Informacion economica sobre Cuba

El Pais, Madrid, May 7, 2007


With the loss of the subsidies from the Soviet Union and Eastern
European countries in the late 1980s, the Cuban Government had no other
recourse but to accept tourism as one of its principal sources of
foreign currency. Up to that time it had vetoed the development of this
lucrative activity, despite Cuba's noteworthy conditions for development
of the so-called smokeless industry.
The considerations for rejecting tourism were based on fear of the
"ideological contamination" that would come with the visitors from
democratic countries. It must be recalled that, in the mentality of the
totalitarian Cuban leaders, the ideal of society would be a totally
isolated Cuba, free of any contamination and examples that might
jeopardize the absolute power. Their phobia of the Internet, cell
phone, DVD, videocassettes, and their raids to persecute those who
surreptitiously see and hear foreign TV were not for fun.
In the case of international tourism, although they had to swallow the
bitter pill of allowing it, reluctantly, they always intended to pull
back and, if not completely stop the activity, at least slow its
development or reduce it by a percentage, which would enable them to
manage the visitors more easily, using tourism packages taken to
places with little contact with Cubans, in cays or regions such as
Varadero, where the nationals are present only as servants. A Caribbean
version of apartheid.
The foregoing could explain now the considerable decrease in the
number of people who visit the Island and the scant advertising seen
nationally about the activity which, for some years, was called the
engine of the Cuban economy. Thus, the figures show a
considerable reduction recently. In 2006, arrivals dropped by 3.6%, a
trend which continued in January and February 2007, with declines of
7.0% and 13.0%, respectively; decisive months in the high season for
Cuban tourism.
To explain this situation, the international operators point to a lack
of investment in advertising and infrastructure. To that could be added
an absurd, approximately 20.0% revaluation of the convertible peso in
relation to the US dollar, taking into consideration the 10.0% tax and
the exchange fees imposed by the Central Bank of Cuba against that
currency, as well as the effect on other currencies, including the
Euro, in the amount of 8.0%. All that done arbitrarily and without
taking into account real economic considerations, including price
increases for tourism services.
These factors are not the only ones. One would have to add the
recentralization of the Cuban economy in recent years, with a view to
strengthening the role of the State, which has resulted in slow decision
making by companies and, consequently, increased inefficiency, because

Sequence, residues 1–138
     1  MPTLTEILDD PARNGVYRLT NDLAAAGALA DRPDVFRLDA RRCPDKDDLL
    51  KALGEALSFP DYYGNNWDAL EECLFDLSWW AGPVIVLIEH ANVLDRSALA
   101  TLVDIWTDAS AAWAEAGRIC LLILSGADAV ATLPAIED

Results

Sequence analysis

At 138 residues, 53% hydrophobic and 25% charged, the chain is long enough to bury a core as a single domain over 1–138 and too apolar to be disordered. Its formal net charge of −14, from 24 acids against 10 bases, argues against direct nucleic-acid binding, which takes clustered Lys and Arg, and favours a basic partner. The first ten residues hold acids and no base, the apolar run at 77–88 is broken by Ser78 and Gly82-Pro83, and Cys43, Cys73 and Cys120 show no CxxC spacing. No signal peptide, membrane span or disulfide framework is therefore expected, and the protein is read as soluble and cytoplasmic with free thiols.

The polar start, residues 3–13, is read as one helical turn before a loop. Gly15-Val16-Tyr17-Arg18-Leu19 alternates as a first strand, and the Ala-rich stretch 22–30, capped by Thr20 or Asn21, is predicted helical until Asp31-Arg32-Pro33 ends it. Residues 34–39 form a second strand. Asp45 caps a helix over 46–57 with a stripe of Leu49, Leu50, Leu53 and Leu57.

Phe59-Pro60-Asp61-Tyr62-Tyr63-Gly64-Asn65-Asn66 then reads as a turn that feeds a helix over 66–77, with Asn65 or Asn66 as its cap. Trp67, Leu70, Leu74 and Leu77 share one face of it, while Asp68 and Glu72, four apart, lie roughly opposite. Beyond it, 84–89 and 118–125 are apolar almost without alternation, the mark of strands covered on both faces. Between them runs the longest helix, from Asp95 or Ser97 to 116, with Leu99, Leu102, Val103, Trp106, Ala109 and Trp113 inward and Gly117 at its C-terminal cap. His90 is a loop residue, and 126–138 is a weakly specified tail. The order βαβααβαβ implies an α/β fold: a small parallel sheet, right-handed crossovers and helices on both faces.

the entities do not have, among other things, their own resources in
hard currency.
Certainly all these measures have not been aimed solely against
tourism. The joint ventures with foreign capital have been drastically
reduced. In late 2006 there were just 236, as compared to 313 in 2004,
according to official reports.
In this respect, action has been taken against self-employment, with
many of the permitted occupations being cancelled, new permits not being
issued for several authorized occupations, or prohibitions and new taxes
on persons with licenses; all of which has resulted in a decrease in the
number of self-employed individuals, including people who rent
apartments and rooms to foreigners.
Clearly, this entire policy is the result of the fact that, a new
Soviet Union having appeared through Venezuela's subsidies,
totalitarianism feels more economically secure and wants to take
advantage of this situation to close the small spaces opened in the
1990s, including the risky – to them – international tourism, a strategy
aimed at again assuming absolute political control over society.
In these circumstances, the mechanisms established by the U.S.
authorities, aimed at isolating Cuban society from contact with its
citizens, and even with Cuban-Americans, are counterproductive and
incomprehensible. In fact, it is aligned with the policy always promoted
by the Cuban Government, of keeping the people on the Island isolated
from any outside contact. The only sensible thing that could help the
Cuban people is what was done in Eastern Europe and later in China and
Viet Nam, where the ties between the peoples were fostered and continue
to be fostered, with unquestionable success.
One would hope that, with the new balance of power in the U.S.
Congress and Senate [sic], there will be more understanding of this
matter, and that there will be a radical change in the policy toward
Cuba, especially because Cuba-U.S. relations are vital for the
democratic transition in Cuba. A climate of tension and suspicion
in the Straits of Florida has always been very helpful to the interests
of the most change-resistant sector of the Cuban Government.
So, the proposals made recently by Representatives Jeff Flake, Bill
Delahunt, Mrs. Emerson, and Charles Rangel, among other important U.S.
legislators, all made with great common sense and which, if approved,
would doubtless significantly benefit efforts on behalf of a democratic,
reconciled Cuba, where human rights are respected, are essential to Cubans.

Oscar Espinosa Chepe is a Cuban economist and journalist.

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